Baloch activism on Facebook is increasing day by day. Educated, young college students spread videos and text showcasing developments in Balochistan by simultaneously “sharing” them with multiple groups and pages online. These students say they find “tagging” on Facebook the best way to “compel” people to view their pictures, videos, notes and announcements for scheduled political gatherings and protest rallies.
The Baloch Students Organisation, the Baloch Liberation Army and many other outfits use Youtube as the best source of sharing their message through amateur videos. These videos capture almost all angles of the separatist movement. For example, some videos are made at the Baloch training camps and the others are filmed soon after the recovery of the dead bodies of a missing person. Once the friends and families of the victims of torture see these videos, support for the nationalist movement skyrockets.
A few months ago, the Frontier Corps (FC) raided a plethora of video shops and confiscated CDs featuring radical music and songs. A couple of Balochi language poets, singers and video shop owners were punished for promoting anti-state material. Since then, the Baloch armed groups have started to post videos of their operations on Youtube. The BLA recently posted a six-part video on Youtube stating its objectives and footage of its operations while blowing up gas pipelines and attacking the convoys of security forces.
“Youtube is the best way to share videos with the people,” a young student once told me in Quetta. “These videos have helped us in exposing the government’s atrocities in spite of television channels’ refusal to show such images,” the student added.
Teenage Baloch activists love Youtube because it allows them to download videos featuring the speeches of nationalist demagogues and the funerals of the “martyrs” of the movement. In case someone does not have a particular video, these young men exchange files via Bluetooth. Sharing nationalistic digital contents has almost become the most popular hobby among the young Baloch.
Twitter is another platform where, soon after logging in, one would take only a few minutes to start noticing the stream of Baloch activism. Using screen names such as “freedom fighter” or “Azad Balochistan” these activists, who mainly come from middle-class educated Baloch families, instantly tweet everything that happens inside Balochistan. Most of these tweets have two themes: 1) updated information about human rights issues and the military operation in Balochistan and 2) the constant tagging of top international journalists and human rights activists to invite international attention to the situation in Balochistan.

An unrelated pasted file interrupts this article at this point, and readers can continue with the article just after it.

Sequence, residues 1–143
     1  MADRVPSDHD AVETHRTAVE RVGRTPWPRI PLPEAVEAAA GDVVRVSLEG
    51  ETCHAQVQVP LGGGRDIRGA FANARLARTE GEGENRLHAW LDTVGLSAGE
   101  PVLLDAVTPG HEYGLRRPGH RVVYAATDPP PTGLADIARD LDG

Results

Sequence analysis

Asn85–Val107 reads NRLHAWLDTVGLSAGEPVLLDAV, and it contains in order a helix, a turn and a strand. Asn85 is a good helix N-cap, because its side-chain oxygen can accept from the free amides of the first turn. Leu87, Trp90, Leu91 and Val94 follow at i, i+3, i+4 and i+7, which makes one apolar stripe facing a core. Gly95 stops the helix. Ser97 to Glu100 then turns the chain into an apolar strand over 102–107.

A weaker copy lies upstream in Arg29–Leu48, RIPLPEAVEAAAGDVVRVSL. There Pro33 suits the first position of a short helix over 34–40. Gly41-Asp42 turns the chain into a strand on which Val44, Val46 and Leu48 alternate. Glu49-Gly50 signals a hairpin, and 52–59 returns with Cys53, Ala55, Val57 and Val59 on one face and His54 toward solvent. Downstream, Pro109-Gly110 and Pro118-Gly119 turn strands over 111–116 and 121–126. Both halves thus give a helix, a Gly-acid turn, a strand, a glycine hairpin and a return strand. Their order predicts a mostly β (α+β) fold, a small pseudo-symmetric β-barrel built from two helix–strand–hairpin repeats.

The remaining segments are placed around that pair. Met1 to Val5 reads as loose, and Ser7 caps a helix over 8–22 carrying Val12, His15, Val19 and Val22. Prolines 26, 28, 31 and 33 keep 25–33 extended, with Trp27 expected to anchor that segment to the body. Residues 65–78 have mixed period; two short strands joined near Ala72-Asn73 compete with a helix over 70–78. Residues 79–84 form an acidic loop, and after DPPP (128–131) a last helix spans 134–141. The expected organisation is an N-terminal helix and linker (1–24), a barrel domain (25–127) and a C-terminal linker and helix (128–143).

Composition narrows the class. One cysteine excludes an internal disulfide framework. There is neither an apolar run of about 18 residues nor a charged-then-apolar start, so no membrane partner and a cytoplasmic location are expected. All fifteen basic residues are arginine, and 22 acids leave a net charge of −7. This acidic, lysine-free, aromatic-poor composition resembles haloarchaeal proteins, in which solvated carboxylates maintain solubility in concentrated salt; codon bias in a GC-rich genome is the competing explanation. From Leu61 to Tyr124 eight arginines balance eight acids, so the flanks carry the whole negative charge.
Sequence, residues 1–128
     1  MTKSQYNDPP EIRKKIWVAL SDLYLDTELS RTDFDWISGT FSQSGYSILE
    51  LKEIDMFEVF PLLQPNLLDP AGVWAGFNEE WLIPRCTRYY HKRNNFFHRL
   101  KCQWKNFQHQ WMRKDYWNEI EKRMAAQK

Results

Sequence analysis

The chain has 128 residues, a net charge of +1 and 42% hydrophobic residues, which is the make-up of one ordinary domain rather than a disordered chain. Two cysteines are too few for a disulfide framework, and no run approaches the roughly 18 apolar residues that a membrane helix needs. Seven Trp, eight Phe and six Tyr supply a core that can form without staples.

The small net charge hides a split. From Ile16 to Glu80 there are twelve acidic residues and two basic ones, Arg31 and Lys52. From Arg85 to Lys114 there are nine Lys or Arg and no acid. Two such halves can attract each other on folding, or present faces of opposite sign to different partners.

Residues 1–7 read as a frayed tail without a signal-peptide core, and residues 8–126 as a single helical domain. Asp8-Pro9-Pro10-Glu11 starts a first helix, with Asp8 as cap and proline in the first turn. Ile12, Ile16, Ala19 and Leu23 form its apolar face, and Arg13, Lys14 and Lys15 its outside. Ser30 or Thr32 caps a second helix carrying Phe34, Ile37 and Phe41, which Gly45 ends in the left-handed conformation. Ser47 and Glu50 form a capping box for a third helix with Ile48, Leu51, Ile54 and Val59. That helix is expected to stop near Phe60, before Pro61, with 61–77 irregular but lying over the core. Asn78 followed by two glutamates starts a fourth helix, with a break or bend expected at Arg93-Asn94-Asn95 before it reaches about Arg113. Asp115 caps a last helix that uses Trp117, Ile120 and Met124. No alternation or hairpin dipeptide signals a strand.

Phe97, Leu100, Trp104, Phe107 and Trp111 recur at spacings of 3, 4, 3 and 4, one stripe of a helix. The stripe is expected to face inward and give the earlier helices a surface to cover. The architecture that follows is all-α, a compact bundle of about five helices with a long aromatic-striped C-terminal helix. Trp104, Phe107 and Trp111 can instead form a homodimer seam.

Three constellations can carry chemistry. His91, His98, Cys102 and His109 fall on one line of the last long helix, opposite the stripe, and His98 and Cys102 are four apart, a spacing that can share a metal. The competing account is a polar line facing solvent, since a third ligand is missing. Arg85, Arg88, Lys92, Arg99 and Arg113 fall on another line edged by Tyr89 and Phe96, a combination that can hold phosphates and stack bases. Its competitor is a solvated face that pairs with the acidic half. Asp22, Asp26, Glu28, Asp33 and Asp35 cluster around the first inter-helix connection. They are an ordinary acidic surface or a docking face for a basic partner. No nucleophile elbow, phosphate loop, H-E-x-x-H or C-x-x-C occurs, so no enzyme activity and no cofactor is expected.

After an official ban on a number of websites, the nationalists began to actively use blogs hosted on WordPress and Blogspot to share lists of the missing persons, details of the military operation, and announcements concerning anti-government rallies.
Baloch online activism serves as the harbinger of more uncontrollable trouble for Islamabad in Balochistan. Recent developments in the Middle East show that firm political and military control over a country does not necessarily guarantee the stability of a government if and when social media begins favouring the folks on the other side of fence.
In the current situation, Baloch Facebookers and Tweeters have an advantage over the government: Curbing the exponentially increasing power of social media is tantamount to inviting more trouble, criticism, and international attention about the domestic mess. Interior Minister Rehman Malik now has every reason to hold “foreign elements,” including Mark Zuckerberg and his network of geeks responsible for inciting a social media revolution in Balochistan! (Courtesy: The News International)
The writer is a Hubert Humphrey Fellow and a visiting journalist at a Washington DC-based International Consortium of Investigative Journalists (ICIJ), a project by the Center for Public Integrity. Email: email@example.com